City council members Jolie Justus and Quinton Lucas advanced from the mayoral primary election in Kansas City, Missouri, on Tuesday. They each received about 25 percent of the vote, according to unofficial results. They were among a field of 11 candidates seeking to succeed term-limited Mayor Sly James. The general election is June 18.
 
Justus and Lucas have both been on the city council since 2015. Justus also served as a Democratic state senator from 2007 to 2015 and works as the director of pro bono services for a law firm. Lucas is an attorney and teaches law at the University of Kansas.
 
Kansas City uses a council-manager system. In this form of municipal government, an elected city council—which includes the mayor and serves as the city’s primary legislative body—appoints a chief executive called a city manager to oversee day-to-day municipal operations and implement the council’s policy and legislative initiatives.
 
The mayor’s primary responsibilities are to preside over city council meetings and official city ceremonies, and to represent the city on the state, national, and international levels.
 
Kansas City voters will also elect all 12 members of the city council on June 18.
 
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Lori Lightfoot will be the next mayor of Chicago, the nation’s third-largest city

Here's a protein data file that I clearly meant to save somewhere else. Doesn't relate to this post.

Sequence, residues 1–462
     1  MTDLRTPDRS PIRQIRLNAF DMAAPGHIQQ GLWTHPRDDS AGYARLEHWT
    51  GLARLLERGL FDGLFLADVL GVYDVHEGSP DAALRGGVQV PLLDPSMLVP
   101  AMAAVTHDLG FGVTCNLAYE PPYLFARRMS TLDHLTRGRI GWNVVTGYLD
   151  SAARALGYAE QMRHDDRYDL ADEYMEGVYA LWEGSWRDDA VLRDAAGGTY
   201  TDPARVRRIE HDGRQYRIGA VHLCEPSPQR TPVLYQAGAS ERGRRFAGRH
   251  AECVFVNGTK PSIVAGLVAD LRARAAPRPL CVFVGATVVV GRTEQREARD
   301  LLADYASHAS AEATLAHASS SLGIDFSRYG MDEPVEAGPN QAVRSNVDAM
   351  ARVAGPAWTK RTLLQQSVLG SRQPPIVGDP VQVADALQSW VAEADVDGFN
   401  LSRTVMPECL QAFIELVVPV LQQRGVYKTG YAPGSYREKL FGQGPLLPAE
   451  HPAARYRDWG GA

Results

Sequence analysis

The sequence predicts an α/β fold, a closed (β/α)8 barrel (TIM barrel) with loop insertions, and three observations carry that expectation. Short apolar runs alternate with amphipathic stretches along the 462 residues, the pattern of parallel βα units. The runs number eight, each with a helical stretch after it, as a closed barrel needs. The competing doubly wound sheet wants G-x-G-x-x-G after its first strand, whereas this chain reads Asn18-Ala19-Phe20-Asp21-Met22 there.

Former Chicago Police Board President Lori Lightfoot defeated Cook County Board of Commissioners President Toni Preckwinkle in Chicago’s mayoral runoff election Tuesday. With 66 percent of precincts reporting, Lightfoot received 74 percent of the vote to Preckwinkle’s 26 percent.
 
Lightfoot was president of the Chicago Police Board from 2015 to 2018. She also chaired the Police Accountability Task Force and was a senior equity partner at the law firm Mayer Brown. Lightfoot held several positions in city government under former Mayor Richard M. Daley.
 
Both Lightfoot and Preckwinkle described themselves as the progressive in the race and called each other’s progressive credentials into question based on their political and professional histories.
 
Lightfoot presented herself as the reform candidate who is independent of corrupt machine-style politics. She noted her background as a senior equity partner and her past roles in city government, saying she had requisite experience managing teams and budgets. Lightfoot referred to Preckwinkle as a party boss due to her roles as Cook County Democratic Party chair and former party committeewoman.
 
Preckwinkle highlighted her experience as an alderman and Cook County Board of Commissioners president, saying she had the experience to run the city and a progressive record. She contrasted her experience in elected office with Lightfoot’s previous appointments to positions by mayors, saying the latter connected Lightfoot to the political elite, and criticized elements of Lightfoot’s legal career.